Kevin Rudd has been conducting a campaign from the shadows to become the next secretary-general of the United Nations, but the candidacy of a more experienced choice from across the Tasman may have scuppered his push before it was even formally announced -- former New Zealand prime minister Helen Clark.
Reports have claimed the former Australian Prime Minister has been quietly laying the groundwork since at least a year ago to replace current secretary-general Ban Ki-moon. However, it was just last weekend that foreign minister Julie Bishop revealed she was aware of Rudd meeting with world leaders and diplomatic heavyweights to lay his case for election to the world's top diplomatic post.
"It seems that Mr Rudd has visited a number of people and expressed an interest," Bishop said in Washington.
While Rudd has quietly been building a clutch of supporters, collecting international diplomatic and academic postings, and getting himself published in influential publications, his chances of ascending to secretary-general when Ban's appointment finishes at the end of 2016. Under an informal United Nations rotation system, it is seen to be the "turn" of Eastern Europe to have a candidate at the head of the international body, and the push is on for a woman to take the job.
A number of highly qualified female candidates from eastern Europe are in the running, but reports claim Rudd is banking on the field to be spread thin between UNESCO director general Irina Bokova (Bulgaria), Croatian foreign minister, Vesna Pusic, former Moldovan deputy prime minister Natalia Gherman, and former Slovenian president Danilo Türk, according to the Australian Financial Review.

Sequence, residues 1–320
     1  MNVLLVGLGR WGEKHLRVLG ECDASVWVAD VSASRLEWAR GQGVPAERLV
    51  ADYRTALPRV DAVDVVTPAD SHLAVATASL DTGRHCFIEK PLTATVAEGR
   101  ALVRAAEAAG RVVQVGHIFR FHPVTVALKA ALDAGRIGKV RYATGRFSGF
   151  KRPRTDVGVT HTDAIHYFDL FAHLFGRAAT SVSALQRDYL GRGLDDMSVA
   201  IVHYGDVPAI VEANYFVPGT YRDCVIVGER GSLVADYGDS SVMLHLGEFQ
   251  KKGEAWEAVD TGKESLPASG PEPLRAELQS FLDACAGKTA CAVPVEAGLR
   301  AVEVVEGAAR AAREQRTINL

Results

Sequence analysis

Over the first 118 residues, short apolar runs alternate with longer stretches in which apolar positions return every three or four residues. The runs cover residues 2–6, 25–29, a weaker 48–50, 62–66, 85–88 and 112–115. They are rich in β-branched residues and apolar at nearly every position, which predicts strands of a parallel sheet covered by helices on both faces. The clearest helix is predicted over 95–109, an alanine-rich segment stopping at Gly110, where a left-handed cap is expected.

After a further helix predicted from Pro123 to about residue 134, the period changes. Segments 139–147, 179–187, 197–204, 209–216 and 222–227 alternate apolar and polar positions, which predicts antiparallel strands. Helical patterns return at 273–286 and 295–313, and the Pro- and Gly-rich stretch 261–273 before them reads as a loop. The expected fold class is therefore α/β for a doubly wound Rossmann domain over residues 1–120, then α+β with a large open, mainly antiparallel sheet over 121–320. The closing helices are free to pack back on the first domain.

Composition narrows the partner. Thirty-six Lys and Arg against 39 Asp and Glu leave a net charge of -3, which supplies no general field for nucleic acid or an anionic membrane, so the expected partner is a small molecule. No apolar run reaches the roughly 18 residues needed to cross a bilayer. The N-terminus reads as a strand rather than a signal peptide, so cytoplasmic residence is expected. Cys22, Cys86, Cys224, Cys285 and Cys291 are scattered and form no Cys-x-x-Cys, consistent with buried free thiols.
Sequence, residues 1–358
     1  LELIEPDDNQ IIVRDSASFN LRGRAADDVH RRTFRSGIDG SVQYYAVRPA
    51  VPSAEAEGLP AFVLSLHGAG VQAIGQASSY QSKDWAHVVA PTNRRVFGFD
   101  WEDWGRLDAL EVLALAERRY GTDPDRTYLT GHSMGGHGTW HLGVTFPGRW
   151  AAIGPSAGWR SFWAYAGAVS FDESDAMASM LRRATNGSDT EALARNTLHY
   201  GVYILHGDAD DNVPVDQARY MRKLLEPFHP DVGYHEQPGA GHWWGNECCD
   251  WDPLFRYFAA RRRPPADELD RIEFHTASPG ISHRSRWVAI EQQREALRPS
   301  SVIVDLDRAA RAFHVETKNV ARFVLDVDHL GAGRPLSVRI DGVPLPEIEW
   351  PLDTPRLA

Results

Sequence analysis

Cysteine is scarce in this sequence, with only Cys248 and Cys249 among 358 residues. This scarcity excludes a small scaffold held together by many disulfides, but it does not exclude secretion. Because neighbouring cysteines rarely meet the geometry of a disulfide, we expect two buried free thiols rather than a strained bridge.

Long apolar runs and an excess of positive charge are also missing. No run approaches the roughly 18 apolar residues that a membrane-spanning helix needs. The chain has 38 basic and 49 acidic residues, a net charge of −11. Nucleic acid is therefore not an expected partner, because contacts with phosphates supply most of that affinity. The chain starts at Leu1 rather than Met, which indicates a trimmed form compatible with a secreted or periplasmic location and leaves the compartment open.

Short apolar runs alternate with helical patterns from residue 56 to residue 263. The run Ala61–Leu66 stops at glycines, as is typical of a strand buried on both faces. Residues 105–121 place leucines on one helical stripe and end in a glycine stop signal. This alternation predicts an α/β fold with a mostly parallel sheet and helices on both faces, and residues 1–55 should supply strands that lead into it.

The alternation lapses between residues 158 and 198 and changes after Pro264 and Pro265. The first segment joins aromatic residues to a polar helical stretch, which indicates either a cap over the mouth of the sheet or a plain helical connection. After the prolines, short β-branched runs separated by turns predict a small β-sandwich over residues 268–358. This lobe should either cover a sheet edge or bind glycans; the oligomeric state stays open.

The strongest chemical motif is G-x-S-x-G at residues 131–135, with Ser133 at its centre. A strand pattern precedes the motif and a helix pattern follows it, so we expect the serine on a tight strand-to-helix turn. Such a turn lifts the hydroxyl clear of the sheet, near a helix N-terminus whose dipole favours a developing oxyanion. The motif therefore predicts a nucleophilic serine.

Under such a deadlock, a candidate from the 'Western European and Others' group which includes Australia, paving the way for Rudd to announce himself as a consensus candidate.
Unluckily for Rudd, a far more qualified female candidate from the group announced her candidacy on Tuesday. Helen Clark served as PM of New Zealand from 1999 to 2008. Since 2009, she has been administrator of the United Nations Development Programme, considered to be the the third-highest position inside the U.N.
"We New Zealanders have developed our own way of getting along with one another and getting things done. The tradition of being tolerant, pragmatic and fair is a central part of who we are and I believe I would bring these attributes to the position of Secretary-General," Clark said in a statement.
Clark is a popular, well-regarded and highly influential member of the United Nations system, arguably placing her above Rudd in the pecking order of the Western Europe and Others group. Her gender would also likely win her points in any voting.
Rudd has not yet formally announced his candidacy, and has continually waved away questions about his possible United Nations aspirations. While Clark's candidacy does not totally scupper Rudd's chances, it does put a cloud over his odds. Rudd marked the news by sending congratulations to Clark on Twitter.
And Rudd certainly does not have a supporter in Turnbull Government minister Peter Dutton, saying the former Labor PM's bid must be "driving people crazy".
"No world leader is safe –- when 'Kevin Rudd' comes up on their caller ID they must grit their teeth and say ‘please not again’," Mr Dutton told News Corp Australia.
"Kevin, mate, cobber please stop driving these people crazy -– do what other people do in retirement and play golf or buy a caravan."